A group of North Koreans seeking political asylum has entered Denmark's embassy in Hanoi, the ambassador and an activist said on Thursday.
Danish Ambassador Peter Hansen confirmed to Reuters that North Korean citizens had entered his embassy on Thursday, but he declined to say how many or answer further questions.
Kim Sang-heon, a South Korean activist who helps North Koreans defect, said: "I sent nine North Koreans to the embassy, accompanied by other South Korean activists."
"They are seeking asylum," Kim said.
South Korea's Foreign Ministry would not comment on the incident. The South typically refrains from speaking about asylum bids by North Korean defectors.
Vietnam's Foreign Ministry did not have an immediate comment.
More than 16,000 North Koreans have defected to the South since the end of the 1950-53 Korean War, almost all in the past 10 years, according to the South's Unification Ministry.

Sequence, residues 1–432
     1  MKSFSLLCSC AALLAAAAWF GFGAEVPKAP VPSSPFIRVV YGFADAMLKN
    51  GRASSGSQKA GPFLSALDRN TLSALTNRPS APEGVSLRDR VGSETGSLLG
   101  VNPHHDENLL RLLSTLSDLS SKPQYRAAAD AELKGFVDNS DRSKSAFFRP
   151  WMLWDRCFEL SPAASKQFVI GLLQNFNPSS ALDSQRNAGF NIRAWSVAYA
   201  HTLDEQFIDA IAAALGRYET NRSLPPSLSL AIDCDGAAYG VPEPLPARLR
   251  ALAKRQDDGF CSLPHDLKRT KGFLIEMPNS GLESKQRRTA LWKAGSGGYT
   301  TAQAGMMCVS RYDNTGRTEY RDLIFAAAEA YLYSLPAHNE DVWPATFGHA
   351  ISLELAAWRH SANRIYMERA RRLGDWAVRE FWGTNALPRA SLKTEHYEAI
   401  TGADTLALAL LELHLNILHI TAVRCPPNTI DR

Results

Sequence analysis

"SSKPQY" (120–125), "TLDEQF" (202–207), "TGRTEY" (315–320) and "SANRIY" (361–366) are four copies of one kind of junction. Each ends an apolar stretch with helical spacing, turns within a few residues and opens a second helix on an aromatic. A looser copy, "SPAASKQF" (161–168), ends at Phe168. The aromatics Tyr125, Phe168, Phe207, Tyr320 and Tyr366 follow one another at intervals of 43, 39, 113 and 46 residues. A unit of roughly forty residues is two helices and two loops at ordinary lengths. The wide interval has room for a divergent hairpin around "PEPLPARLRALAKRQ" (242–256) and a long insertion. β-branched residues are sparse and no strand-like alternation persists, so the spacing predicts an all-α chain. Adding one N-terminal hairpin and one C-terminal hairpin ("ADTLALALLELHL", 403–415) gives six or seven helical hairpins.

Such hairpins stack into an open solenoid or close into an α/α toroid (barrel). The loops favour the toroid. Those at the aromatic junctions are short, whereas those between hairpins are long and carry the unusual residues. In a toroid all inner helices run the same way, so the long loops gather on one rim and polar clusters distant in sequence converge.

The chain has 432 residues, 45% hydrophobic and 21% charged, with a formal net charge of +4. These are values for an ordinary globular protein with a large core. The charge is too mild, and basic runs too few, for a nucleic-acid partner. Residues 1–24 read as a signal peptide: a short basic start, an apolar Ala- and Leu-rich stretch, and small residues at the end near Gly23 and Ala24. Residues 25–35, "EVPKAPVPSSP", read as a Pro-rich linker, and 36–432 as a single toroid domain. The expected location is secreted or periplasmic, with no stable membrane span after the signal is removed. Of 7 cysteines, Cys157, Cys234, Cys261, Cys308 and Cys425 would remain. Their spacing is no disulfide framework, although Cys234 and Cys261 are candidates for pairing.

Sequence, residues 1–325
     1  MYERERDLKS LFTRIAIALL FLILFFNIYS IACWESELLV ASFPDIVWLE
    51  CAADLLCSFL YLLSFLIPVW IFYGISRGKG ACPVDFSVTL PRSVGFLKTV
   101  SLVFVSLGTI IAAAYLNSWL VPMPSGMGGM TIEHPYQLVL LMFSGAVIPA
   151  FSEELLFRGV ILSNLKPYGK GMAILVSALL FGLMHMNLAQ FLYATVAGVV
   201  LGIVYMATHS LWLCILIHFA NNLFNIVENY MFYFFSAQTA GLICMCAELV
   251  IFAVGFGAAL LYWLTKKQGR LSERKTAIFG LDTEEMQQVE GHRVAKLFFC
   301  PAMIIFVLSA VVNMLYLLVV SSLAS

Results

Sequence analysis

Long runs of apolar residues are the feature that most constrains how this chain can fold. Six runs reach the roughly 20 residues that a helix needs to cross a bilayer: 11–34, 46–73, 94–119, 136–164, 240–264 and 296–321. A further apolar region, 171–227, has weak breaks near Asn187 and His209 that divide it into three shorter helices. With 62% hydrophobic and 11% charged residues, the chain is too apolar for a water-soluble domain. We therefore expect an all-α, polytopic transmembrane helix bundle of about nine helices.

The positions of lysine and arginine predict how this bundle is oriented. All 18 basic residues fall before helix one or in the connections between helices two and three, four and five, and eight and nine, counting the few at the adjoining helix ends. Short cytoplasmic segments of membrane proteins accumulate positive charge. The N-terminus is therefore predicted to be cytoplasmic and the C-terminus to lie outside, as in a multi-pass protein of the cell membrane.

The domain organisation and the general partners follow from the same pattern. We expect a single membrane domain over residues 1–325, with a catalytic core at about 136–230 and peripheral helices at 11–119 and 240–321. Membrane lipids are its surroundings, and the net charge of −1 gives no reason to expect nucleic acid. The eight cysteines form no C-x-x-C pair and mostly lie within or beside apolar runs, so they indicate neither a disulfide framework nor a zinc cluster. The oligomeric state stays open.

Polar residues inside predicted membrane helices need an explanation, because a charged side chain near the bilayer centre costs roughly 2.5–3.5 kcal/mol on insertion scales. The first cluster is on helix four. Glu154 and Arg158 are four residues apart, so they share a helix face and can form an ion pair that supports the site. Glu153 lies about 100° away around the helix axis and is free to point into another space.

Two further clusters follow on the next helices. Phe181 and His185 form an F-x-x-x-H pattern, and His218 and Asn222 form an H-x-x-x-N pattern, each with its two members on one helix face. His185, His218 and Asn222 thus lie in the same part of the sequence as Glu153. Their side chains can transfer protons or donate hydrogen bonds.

The North Korean defectors mostly come from the poorest parts of the destitute, isolated state and usually flee over a sparsely patrolled border with China. They then seek passage to the South via a third country because Beijing sees them as economic refugees and forcibly repatriates North Koreans.
Once returned to the North, would-be defectors face jail terms in the North's brutal political prisons, human rights groups have said.
The most frequently used jumping-off point has been Thailand but North Korean defectors have also tried to gain entry to diplomatic missions in China, Vietnam, Laos and Mongolia in order to get asylum eventually in South Korea.
Hanoi tries to keep good relations with both South Korea, a major source of investment, and North Korea, an ideological ally.
In 2004, Seoul airlifted 468 North Koreans from Vietnam, infuriating Pyongyang. Six months later, South Korea announced it would never attempt a large-scale refugee rescue again.
The number of defectors arriving in the South has more than doubled between 2005 and 2008, when 2,809 were granted asylum, the Unification Ministry said.
More people are attempting to flee the North due to deteriorating economic conditions, with brokers and activists becoming more skilled in helping them.